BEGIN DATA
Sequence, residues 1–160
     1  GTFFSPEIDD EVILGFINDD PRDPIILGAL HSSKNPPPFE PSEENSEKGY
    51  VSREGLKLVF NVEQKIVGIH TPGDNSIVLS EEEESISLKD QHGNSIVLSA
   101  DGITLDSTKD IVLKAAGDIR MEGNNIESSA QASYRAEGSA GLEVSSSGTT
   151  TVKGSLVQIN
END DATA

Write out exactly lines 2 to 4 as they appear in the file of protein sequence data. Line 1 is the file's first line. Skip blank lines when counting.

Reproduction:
     1  GTFFSPEIDD EVILGFINDD PRDPIILGAL HSSKNPPPFE PSEENSEKGY
    51  VSREGLKLVF NVEQKIVGIH TPGDNSIVLS EEEESISLKD QHGNSIVLSA
   101  DGITLDSTKD IVLKAAGDIR MEGNNIESSA QASYRAEGSA GLEVSSSGTT